Product management is a growing career path, with Glassdoor ranking it in the top 10 jobs in the US for 2022. Sounds pretty good right?
But hang on a minute, this profession is notoriously mystifying and many people aren’t actually sure what product managers do. Even some product managers disagree! If that’s you don’t worry, this article will answer (almost) every question you have about the confusing product manager title.
What is a product manager?
Okay, let’s go back to basics - what is a product manager? A product manager or (PM) overlaps the business strategy, technical, and user experience aspects of a product. This means a PM identifies business goals the product will fulfill, and customer needs while bringing the team together to achieve results.
But what does that involve?
What does a PM do?
Well… That depends. The confusion in product management is not unfounded - the roles and responsibilities of a PM can vary from company to company. This gap is widened when you look at small companies vs global giants.
That being said, here is a quick overview of some of the common responsibilities of a product manager.
The backbone of any product manager’s decision is product-led growth. This means that the product should ultimately speak for itself. The product does what people want it to do, when they want it to and then recommend it to people they know. A product-led approach relies on word of mouth marketing and a great PM!
A product manager reports to internal stakeholders to share progress updates across teams and identifies the business goals that the product will fulfill. A PM also communicates with external stakeholders such as the media and customers. This lets people know when the product will launch and creates buzz around the release - helping the product speak for itself.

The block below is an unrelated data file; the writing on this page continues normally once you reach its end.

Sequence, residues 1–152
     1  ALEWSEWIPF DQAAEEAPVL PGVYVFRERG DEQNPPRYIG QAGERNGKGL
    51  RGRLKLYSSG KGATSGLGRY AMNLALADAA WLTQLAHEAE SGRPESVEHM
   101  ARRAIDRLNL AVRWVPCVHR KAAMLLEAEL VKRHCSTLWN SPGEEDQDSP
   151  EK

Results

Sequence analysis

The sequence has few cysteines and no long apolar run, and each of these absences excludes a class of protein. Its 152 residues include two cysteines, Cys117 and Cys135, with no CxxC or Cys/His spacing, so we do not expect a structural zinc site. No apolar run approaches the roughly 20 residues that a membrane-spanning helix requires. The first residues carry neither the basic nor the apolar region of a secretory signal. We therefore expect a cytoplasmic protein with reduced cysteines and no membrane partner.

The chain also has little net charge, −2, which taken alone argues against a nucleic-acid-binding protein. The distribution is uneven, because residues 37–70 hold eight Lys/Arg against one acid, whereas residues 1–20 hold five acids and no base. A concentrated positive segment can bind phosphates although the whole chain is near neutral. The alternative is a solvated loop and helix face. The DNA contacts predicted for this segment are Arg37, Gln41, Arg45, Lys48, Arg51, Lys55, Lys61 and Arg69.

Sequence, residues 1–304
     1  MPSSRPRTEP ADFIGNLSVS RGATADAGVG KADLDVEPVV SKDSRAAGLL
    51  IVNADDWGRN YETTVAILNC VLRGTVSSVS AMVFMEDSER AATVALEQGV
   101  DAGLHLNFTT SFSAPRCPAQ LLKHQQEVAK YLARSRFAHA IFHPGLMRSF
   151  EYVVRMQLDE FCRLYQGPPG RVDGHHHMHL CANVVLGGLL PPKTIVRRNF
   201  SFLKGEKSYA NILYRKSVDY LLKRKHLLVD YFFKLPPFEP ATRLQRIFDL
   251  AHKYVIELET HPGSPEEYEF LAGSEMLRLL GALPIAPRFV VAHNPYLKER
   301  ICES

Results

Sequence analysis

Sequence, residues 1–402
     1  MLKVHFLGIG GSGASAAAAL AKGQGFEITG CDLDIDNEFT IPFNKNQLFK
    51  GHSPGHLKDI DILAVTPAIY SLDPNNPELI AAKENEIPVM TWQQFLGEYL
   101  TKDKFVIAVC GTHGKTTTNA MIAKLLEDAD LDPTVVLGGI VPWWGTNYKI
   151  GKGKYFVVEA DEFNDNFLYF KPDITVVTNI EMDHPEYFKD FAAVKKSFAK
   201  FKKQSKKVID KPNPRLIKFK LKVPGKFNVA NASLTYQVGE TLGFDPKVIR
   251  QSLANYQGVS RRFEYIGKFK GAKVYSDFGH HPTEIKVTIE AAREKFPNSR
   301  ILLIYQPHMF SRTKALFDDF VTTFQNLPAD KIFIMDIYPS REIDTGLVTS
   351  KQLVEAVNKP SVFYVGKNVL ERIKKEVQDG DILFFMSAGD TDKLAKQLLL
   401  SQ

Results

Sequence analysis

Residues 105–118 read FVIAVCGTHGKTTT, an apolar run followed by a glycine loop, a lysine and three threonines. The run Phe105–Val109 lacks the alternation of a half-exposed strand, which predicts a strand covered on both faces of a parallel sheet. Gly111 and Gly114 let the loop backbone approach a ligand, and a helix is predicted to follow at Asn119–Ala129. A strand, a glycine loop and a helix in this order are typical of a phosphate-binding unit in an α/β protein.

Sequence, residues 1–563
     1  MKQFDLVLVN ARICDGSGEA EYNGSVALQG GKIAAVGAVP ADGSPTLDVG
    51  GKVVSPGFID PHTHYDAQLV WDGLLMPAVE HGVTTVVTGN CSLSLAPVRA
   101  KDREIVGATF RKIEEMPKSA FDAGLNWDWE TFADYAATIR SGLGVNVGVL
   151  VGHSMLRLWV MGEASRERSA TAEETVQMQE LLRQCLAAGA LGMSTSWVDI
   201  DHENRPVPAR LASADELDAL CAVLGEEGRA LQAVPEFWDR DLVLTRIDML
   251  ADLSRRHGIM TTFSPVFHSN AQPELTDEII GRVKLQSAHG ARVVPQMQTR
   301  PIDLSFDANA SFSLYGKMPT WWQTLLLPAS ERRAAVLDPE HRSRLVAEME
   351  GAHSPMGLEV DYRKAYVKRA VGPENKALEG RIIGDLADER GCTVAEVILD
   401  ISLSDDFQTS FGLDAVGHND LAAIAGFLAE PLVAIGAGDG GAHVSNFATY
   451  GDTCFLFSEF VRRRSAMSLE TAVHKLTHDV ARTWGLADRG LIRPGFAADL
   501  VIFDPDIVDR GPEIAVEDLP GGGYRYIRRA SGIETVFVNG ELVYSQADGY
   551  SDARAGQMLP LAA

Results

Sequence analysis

Product vision and goal setting are also part of the PM's role. This involves knowing what the product might look like in the future and ensuring goals are realistic but challenging to motivate their team to succeed.
Another aspect of PM strategy is prioritizing the product release roadmap. This involves deciding on the most important features to update or improve and working out the timeline of these releases. This may also involve competitor research to avoid launching at the same time as a larger competitor. And that’s without mentioning all the work that goes into planning, developing, testing, preparing, and actually releasing the product or update!
A PM is the ultimate team leader! They rally their team together to gain results, empower them to make decisions and are a sounding board for success and failure. The PM role also includes working across departments to keep everyone in the loop and on track to get the product ready for and onto the market!
Product managers are also product experts. They may not be super technical but understanding what the product does, how it does it, and what competitors are doing is crucial to being a successful PM.
And as if all that wasn’t enough… A PM also collects and analyses customer feedback to improve user experience. This includes determining new product features and advocating for what customers want to see next in the product.
This is a balancing game between what customers want to see, the vision for the product, and the ROI of any new features.
Day-to-day tasks of a PM
If you’re thinking that sounds vague - here are some of the day-to-day tasks of a product manager.
Create the product vision
What is the product? What value does it provide customers? How will the product look in three years? Product managers can answer each of these questions. Okay, so PMs can’t predict the future but they do have an aspirational vision of what the product could ideally look like in three years. And a plan to achieve that vision - barring any complications due to a global pandemic of course!
Define goals and check metrics